There have been multiple analyses about the recent (2020/11/25) outage of AWS Kinesis and its cascading failure mode, taking a chunk of AWS services with it — including seemingly unrelated Cognito — due to dependencies hidden to the user. If you haven’t read the official postmortem statement by AWS yet, go read it now.
There are an infinite amount of arguments that can made about cascading failure; I’m not here to talk about that today. I’m here to talk about a time a few years ago I was evaluating a few systems to do event logging. Naturally, Kinesis was in consideration, and our team interviewed an AWS Solution Architect about potential design patterns we could implement, what problems they would solve, what hiccups we may encounter on the way, et cetera.
At the time, I didn’t think much of it, but in hindsight it should have been a red flag.
ME: “So, what happens when Kinesis goes down? What kind of recovery processes do you think we need to have in place?”
SA: “Don’t worry about that, Kinesis doesn’t go down.”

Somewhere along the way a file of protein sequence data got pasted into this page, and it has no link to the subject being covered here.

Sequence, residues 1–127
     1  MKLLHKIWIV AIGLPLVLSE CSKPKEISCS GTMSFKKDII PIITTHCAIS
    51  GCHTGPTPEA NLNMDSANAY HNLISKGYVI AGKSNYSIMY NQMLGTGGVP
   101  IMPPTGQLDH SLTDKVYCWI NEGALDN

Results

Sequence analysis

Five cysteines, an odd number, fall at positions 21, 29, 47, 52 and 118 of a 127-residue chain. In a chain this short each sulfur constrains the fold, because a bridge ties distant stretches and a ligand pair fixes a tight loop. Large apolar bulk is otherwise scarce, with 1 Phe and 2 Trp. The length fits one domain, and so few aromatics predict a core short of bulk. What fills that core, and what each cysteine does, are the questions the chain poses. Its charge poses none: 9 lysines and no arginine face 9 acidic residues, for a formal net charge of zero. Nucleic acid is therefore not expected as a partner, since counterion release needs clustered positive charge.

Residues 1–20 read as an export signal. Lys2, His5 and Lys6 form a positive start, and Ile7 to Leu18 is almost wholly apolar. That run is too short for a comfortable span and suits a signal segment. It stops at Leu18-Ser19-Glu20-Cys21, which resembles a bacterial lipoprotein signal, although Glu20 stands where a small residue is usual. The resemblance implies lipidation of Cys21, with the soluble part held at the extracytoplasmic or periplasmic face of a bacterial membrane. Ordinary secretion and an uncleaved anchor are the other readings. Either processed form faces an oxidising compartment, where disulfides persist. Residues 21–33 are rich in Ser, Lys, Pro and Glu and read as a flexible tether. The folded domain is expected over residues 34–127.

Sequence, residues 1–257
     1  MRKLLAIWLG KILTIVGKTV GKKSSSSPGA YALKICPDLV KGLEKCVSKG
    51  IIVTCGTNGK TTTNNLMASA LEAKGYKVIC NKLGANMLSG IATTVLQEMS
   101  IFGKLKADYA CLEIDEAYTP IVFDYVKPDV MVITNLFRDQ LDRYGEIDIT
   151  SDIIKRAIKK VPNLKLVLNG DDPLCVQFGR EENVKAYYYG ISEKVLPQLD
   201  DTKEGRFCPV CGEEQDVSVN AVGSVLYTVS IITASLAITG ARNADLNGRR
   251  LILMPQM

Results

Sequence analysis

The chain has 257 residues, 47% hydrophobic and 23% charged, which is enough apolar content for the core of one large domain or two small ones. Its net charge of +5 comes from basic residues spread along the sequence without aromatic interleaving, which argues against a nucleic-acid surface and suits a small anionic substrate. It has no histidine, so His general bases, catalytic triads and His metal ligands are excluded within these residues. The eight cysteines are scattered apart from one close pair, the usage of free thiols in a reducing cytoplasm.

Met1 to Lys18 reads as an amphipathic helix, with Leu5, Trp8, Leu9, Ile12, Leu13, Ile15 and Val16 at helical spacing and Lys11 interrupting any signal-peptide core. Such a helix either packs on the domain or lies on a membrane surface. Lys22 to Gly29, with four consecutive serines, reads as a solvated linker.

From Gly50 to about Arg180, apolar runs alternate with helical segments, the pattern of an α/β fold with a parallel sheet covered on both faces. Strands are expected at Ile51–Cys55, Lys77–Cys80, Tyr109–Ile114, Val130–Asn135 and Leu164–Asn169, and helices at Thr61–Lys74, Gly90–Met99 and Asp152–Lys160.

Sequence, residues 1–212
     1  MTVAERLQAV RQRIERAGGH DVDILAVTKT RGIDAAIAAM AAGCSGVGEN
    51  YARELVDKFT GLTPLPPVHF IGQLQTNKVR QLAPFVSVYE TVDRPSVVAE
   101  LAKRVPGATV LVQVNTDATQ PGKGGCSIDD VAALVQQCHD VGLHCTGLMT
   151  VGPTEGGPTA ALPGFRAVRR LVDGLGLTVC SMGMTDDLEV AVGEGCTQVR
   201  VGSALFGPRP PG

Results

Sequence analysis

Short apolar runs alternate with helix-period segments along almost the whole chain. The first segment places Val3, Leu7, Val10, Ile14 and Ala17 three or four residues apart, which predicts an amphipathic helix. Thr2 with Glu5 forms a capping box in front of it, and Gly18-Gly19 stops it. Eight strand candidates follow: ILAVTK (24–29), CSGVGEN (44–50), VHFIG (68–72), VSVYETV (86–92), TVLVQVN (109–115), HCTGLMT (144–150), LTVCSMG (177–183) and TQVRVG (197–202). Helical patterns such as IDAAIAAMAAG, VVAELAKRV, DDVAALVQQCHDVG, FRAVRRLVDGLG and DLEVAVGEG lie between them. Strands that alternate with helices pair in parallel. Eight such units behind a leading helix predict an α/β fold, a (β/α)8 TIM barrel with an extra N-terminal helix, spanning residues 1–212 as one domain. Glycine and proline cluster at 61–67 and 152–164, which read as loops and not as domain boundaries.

The reason I didn’t think much of it at that time was that our workload would have been relatively trivial for Kinesis, and I mentally translated the reply to “don’t worry about Kinesis going down for this particular use case”.
We decided to not go with Kinesis for other reasons (I believe we went with Fluentd).
Maybe my mental translation was correct? Maybe this SA had this image of Kinesis as a system that was impervious to fault? Maybe it was representative of larger problem inside AWS of people who overestimated the reliability of Kinesis? I don’t know. This is just a single data point — it’s not even that strong. A vague memory from “a few years ago”? I’d immediately dismiss it if I heard it.
The point of this post is not to disparage this SA, nor to disparage the Kinesis system as a whole (it is extremely reliable!), but to serve as a reminder (mostly to myself) that one should be immediately suspicious when someone says “never” or “always”.